Academic journal article Social Alternatives

The Voter ID Experiment: Reform or the Continuation of a Queensland Tradition?

Academic journal article Social Alternatives

The Voter ID Experiment: Reform or the Continuation of a Queensland Tradition?

Article excerpt


In March 2012, the government of Queensland changed. After effectively twenty-two years in opposition1, the Liberal-National Party (LNP) was elected with an unprecedented 67-seat majority over the Australian Labor Party (ALP) opposition. Emboldened by this victory, the LNP moved quickly to place their mark on the politics and policies of Queensland. One of the changes it introduced was to the States' electoral laws. In a Green Paper introduced in 2013, the Attorney-General, Jarrod Bleijie, proposed a range of reforms:

enhancements to voter enrolment processes; the current optional preferential voting system; voting options and requirements (including: whether voting should be compulsory; the postal voting system; electronic voting; and opportunities for minimising voter fraud); and the laws governing political advertising and how-to-vote cards (Electoral Reform Discussion Paper 2013: 2).

The subsequent decision to demand a form of voter identification (voter ID) as a solution to voter fraud attracted media attention and is the focus of a concerted opposition campaign by GetUp!2 is the subject of this article. One by-election and one State election were held after voter ID became law. While more analysis on the breakdown of data is needed, early empirical evidence supports international experience that the voter ID requirement affected turnout in rural and remote communities. This paper argues that voter ID is a form of voter suppression that does nothing to address voter fraud. In addition, by placing identification requirements on voters, the policy is at odds with Australia's compulsory voting system, which aims to allow voters to fulfil this obligation of citizenship with as few impediments as possible (Hughes and Costar 2006: 44).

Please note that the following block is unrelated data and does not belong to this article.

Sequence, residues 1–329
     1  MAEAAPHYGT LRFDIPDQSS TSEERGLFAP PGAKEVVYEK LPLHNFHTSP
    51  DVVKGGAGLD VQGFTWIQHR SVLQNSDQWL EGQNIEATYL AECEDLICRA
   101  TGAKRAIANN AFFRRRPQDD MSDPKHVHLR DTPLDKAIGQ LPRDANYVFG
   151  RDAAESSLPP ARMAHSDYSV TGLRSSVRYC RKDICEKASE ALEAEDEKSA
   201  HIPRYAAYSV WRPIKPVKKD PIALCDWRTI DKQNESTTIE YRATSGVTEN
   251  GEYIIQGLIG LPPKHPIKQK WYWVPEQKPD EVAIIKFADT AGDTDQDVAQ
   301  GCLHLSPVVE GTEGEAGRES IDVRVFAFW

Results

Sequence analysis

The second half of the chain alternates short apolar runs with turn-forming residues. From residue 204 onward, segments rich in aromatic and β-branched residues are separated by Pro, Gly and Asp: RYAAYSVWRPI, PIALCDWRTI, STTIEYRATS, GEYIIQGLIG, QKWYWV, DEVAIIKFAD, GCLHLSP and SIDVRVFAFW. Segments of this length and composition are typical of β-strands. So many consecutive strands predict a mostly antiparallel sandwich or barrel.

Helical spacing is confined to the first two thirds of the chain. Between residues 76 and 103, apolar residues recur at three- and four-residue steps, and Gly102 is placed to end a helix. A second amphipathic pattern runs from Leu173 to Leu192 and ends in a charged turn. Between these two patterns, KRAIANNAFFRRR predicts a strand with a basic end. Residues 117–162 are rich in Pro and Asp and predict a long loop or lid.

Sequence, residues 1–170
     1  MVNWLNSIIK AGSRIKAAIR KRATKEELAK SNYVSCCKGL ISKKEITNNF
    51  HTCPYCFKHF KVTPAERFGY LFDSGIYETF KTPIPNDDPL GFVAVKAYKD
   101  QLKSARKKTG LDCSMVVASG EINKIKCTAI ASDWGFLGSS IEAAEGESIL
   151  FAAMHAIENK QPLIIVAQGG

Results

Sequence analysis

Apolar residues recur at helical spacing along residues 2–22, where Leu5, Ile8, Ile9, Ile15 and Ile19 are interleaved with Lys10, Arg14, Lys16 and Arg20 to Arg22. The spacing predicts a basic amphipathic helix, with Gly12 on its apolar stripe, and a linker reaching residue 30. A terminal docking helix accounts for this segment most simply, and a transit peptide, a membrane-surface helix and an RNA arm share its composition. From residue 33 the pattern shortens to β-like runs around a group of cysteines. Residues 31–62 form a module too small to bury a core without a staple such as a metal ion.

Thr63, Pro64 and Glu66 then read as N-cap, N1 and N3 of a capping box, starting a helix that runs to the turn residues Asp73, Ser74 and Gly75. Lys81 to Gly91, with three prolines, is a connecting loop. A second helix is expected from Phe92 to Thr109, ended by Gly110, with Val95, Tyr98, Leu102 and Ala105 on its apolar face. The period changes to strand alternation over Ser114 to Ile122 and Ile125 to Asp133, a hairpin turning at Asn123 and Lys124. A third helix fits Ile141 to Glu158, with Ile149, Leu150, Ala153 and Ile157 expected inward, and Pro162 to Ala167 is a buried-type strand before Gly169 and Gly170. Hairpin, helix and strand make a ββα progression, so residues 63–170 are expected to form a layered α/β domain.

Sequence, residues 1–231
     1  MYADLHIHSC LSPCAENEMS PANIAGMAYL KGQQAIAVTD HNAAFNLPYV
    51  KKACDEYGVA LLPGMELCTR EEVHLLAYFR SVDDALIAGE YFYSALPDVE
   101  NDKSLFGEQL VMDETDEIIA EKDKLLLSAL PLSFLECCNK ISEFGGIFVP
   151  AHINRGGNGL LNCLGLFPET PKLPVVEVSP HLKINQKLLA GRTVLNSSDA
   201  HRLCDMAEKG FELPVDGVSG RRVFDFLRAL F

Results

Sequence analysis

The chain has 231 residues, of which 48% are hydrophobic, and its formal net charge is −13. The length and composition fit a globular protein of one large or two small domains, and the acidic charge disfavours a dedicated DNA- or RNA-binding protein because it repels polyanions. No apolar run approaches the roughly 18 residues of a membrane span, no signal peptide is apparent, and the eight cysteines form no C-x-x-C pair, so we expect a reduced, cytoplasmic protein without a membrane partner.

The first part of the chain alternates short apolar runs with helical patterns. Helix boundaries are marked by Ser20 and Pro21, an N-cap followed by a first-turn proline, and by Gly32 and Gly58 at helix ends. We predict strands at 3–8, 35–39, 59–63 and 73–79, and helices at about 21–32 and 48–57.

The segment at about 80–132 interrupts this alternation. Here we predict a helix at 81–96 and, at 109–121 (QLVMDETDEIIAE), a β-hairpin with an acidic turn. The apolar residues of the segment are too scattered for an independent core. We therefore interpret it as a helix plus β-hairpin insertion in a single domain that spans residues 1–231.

This article initially provides a brief synopsis of the LNP's defeat in 2015 that was promptly followed by a review by LNP party elders Robert Borbidge and Joan Sheldon. They concluded that the LNP government had lost the trust of the electorate through its determination to implement reforms too quickly and without adequate consultation. The issue of trust is well canvassed in scholarly literature. A trust deficit has been observed across the Western world, and indicates that governments interested in radical change must first provide an adequate and plausible explanation to its citizens. This article then places in context Queensland's electoral history to highlight the way successive governments have manipulated the electoral system for their own benefit. The LNP's stated rationale for its 2014 amendments centred around Labor's earlier changes to The Electoral Act 1992 that it claimed were 'implemented with too little consideration and consultation' and which were designed to 'benefit political parties in Queensland' (Electoral Reform Discussion Paper 2013: 2). This article concludes with evidence that the 2014 introduction of voter ID adversely impacted on particular groups and communities in Queensland.

Three Years and Out

The LNP government served one term in office. The 31 January 2015 election, which was hastily called over the Christmas holiday period, resulted in a minority Labor government being elected. This was both unexpected and somewhat remarkable considering the electoral drubbing Labor had received only three years earlier when it was left with only seven seats in the 89-seat State Parliament. Early explanations as to why the LNP performed so badly in 2015 (losing 36 seats) ranged from inexperienced leadership to hubris in the government's belief that it could so quickly and without much explanation implement far-ranging and often controversial reforms. The Borbidge Sheldon Election Review called after the shock defeat examined the actions and policy decisions of the former government, noting 'errors in policy and political judgment' and finding that the LNP had failed to build trust, by alienating 'almost every key interest group across the state' and displaying 'a dismissive arrogant approach' generally (The Borbidge Sheldon Election Review: 2015). …

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